In March, when my college-age daughter was on spring break, we took a day trip to Owego, a small but charming village on the Susquehanna River, located about 3½ hours from Buffalo and about 20 miles west of Binghamton. In 2009, Owego was named “The Coolest Small Town in America,” by Budget Travel Magazine. I can understand why, given the quaint, walkable downtown shopping district filled with boutiques, antique shops, art galleries, and cafes.
Founded in 1800, the village was originally called Ahwaga, “where the village widens,” by the Iroquois Nation. The most prominent building you’ll notice when you cross the bridge over the Susquehanna River to get to Owego is the Tioga County Courthouse. Built in 1872, it is the oldest functioning courthouse in New York.
The area adjacent to the courthouse, along Front and Lake streets, is referred to as the Historic Owego Marketplace. Many of the restored buildings, which house the various shops and cafes, date back to the 19th century. Parking in the area is at a premium, so don’t be surprised if you have to drive around a bit to find a place to park. We were lucky; we found a place on the street right by the courthouse.
We started by browsing though some of the shops on Front Street. Described here is just a sampling of what can be found. The Goat Boy has a variety of items, including Vera Bradley, Polish pottery, jewelry, gift items, and items for babies.
Across the street, there are several shops in the block of buildings known as Riverow on Front Street. Ruscak Stained Glass Studio has a gift shop with glass items made by local artisans, such as sun catchers, vases, and jewelry. It also carries the materials to craft stained glass items, as well as do stained glass repair work. East of the Sun, West of the Moon, specializes in handcrafted items, especially jewelry and pottery. They even have handcrafted kaleidoscopes.
A few doors down, The Left Bank, features French shabby chic décor, with a selection of jewelry, antiques, and laces. The Black Cat, has artwork, as well as handcrafted items, while next door, Katies Kreations has a large selection of jewelry, including Wind & Fire jewelry, which is made in the USA from recycled brass.
The Hand of Man shop has thousands of items, including Christmas ornaments, nut crackers, matryoshka nesting dolls, Santas, antique dolls, glassware, gourmet foods, candles, lotions and so much more. I personally felt almost claustrophobic in here are there were so many things to look at; my daughter, on the other hand, loved it.
We had lunch in the River Rose Café, located in the back of the Hand of Man, which is open daily for lunch. You can eat indoors or on a nice day, eat outside on the deck which overlooks the bridge and river. We happened to be there that March day when temperatures were in the 70s, so we enjoyed our lunch on the deck. The menu consists of salads, sandwiches and paninis, some named after people from Owego’s past.
After lunch we still had another street of shops to explore. Here is just a sampling what can be found along Lake Street. The Riverow Bookshop at the corner of Front and Lake streets has new books, as well as used books at discounted prices. We enjoyed sampling (and buying) fudge at Fuddy Duddy Candy. A few doors down, The Petal Pusher Gift Shop features locally made items, including soaps, lotions, greeting cards, jewelry, antiques and more. They also have several adorable little dogs that run up to greet you when you enter the shop.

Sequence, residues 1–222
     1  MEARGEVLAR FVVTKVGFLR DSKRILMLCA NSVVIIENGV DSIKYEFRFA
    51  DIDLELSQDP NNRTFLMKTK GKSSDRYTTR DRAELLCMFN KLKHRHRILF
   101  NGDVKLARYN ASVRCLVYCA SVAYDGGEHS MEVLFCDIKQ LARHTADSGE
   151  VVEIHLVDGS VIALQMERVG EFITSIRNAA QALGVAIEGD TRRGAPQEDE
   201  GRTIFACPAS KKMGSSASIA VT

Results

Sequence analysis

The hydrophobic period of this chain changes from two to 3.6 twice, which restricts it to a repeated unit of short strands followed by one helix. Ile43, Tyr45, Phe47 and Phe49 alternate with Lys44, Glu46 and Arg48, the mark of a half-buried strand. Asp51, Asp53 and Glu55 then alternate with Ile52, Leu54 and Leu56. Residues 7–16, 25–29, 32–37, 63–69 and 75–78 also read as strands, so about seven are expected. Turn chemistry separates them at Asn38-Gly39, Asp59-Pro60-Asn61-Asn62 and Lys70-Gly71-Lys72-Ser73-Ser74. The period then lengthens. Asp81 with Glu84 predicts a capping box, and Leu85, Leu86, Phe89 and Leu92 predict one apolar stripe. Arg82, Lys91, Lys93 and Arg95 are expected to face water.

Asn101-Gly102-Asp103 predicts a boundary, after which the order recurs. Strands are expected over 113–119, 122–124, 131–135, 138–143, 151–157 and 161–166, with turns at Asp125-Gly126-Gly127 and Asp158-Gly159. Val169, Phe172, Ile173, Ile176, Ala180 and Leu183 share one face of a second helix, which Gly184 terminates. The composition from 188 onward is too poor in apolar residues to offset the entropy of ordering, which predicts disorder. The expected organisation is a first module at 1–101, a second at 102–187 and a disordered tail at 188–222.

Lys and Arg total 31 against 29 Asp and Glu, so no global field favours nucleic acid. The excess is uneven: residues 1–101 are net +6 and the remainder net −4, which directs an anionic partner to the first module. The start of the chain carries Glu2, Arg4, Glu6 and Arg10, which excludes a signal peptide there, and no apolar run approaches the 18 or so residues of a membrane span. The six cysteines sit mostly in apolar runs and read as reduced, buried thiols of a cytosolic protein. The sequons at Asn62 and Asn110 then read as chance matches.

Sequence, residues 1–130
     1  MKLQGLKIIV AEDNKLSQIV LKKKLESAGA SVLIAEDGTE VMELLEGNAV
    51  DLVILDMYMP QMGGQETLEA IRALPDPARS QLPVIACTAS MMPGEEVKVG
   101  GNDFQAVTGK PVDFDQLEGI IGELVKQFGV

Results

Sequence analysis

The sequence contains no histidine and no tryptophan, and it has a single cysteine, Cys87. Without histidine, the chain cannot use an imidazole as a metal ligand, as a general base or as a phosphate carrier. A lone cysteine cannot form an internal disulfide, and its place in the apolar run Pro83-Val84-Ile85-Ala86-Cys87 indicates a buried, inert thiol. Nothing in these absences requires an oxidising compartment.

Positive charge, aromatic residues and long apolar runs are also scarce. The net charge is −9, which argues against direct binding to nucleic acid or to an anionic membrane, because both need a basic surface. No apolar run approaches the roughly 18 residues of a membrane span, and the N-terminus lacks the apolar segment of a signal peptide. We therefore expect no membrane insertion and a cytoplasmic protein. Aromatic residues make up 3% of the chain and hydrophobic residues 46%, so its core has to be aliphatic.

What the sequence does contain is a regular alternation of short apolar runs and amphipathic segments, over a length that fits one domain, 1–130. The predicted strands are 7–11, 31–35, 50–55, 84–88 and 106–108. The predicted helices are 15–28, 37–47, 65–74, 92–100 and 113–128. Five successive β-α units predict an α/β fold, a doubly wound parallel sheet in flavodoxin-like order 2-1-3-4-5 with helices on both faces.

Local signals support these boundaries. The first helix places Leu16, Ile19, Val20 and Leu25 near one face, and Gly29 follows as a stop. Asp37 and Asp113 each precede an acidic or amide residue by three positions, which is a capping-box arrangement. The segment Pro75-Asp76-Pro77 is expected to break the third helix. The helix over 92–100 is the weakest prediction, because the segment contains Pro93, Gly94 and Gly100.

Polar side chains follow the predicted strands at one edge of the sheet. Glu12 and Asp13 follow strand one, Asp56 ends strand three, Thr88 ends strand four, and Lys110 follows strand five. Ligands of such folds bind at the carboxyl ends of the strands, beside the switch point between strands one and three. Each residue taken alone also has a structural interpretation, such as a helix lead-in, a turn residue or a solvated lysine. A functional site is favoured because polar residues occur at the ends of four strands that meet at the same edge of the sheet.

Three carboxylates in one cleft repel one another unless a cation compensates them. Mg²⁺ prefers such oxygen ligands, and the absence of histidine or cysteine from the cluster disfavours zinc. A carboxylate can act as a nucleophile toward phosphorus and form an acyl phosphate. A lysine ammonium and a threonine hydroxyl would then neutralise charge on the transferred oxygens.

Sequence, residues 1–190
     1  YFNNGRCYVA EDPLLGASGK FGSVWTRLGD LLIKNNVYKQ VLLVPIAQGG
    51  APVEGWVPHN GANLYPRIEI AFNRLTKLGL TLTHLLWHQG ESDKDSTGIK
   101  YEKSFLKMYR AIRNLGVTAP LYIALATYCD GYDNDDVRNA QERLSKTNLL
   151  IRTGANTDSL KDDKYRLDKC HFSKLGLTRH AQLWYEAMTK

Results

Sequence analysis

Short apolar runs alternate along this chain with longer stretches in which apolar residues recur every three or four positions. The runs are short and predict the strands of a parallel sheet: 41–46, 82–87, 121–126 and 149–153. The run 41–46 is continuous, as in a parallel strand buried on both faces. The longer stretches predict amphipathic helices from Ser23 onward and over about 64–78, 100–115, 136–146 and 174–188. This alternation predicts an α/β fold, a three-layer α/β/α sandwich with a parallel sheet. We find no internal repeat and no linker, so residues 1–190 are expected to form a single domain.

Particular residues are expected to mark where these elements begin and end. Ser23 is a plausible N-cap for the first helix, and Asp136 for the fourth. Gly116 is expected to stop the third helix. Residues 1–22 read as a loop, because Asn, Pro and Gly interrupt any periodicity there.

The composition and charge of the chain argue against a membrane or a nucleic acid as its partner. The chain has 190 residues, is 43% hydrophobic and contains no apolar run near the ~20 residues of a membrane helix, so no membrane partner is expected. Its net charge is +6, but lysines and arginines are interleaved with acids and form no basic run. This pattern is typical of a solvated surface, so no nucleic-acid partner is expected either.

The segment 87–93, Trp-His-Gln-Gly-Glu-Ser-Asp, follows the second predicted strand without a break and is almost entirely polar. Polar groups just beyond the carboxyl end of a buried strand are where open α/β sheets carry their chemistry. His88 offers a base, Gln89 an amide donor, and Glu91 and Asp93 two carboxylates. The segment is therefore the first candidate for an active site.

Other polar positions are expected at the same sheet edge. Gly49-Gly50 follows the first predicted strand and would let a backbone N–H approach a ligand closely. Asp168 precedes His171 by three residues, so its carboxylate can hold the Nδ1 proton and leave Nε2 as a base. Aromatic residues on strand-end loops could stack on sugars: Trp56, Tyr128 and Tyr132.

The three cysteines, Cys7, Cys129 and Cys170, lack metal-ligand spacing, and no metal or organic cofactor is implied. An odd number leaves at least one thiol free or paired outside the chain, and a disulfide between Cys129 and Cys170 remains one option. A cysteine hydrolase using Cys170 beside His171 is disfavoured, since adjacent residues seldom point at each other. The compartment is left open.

If you like antiques, be sure to stop at the Early Owego Antique Center. This 21,000-square-foot antique center, located in the former J.J. Newberry Department Store, has more than 90 dealers. You could easily spend hours here.
If we had more time we would have strolled along the new Owego Riverwalk, which runs along the river from Draper Park, goes underneath the Susquehanna River Bridge, passes behind the Riverow on Front Street, and ends in Ahwaga Park. If we had another hour we might have also done the Owego Walking Tour, a free, self-guided cellphone walking tour of Owego’s historic homes along Front Street. The tour is broken down into two sections, with each section taking about a half hour.
We did have a chance to look at some of the murals that are part of the Tioga County Historic Mural Collection. Thirteen murals, depicting historic structures in each of Tioga County’s towns and villages can be found on the Tioga County office building. There are also murals depicting life in the early 1900s painted on the windows of the Parkview Restaurant.
The next time we visit, we will plan on staying overnight so we can visit at a more leisurely pace. The Pumpelly House Estate B&B looked nice and was within walking distance of the downtown shopping area. There are also several chain hotels; Hampton Inn, Holiday Inn and Treadway Inn a short drive away.
June is a popular time to visit Owego, especially if you like strawberries. The 36th annual Owego Strawberry Festival will take place June 17-18. The event, one of the largest festivals in central New York, features a parade, live entertainment, arts and craft vendors, a 5K race, and of course, lots of strawberry treats.
On the first Friday of every month the 1st Friday Art Walk takes place from 5 to 8 p.m. in participating shops in the Historic Owego Marketplace. This event showcases artists, musicians, writers, and performers.
If you go
Historic Owego Marketplace: owegolovesshoppers.com
Tioga County Tourism: 80 North Ave., Owego (800) 671-7772, visittioga.com. Open from 9 a.m. to 5 p.m. Monday-Friday.
Owego Walking Tour (free cellphone tour): Dial (607) 354-4080 and follow the prompts.
Directions: From Buffalo, take the New York State Thruway (I-90) east to exit 46 (I-390) and head south toward Corning. The I-390 ends at the I-86. Take I-86/Route 17 east toward Binghamton. Owego is exit 64.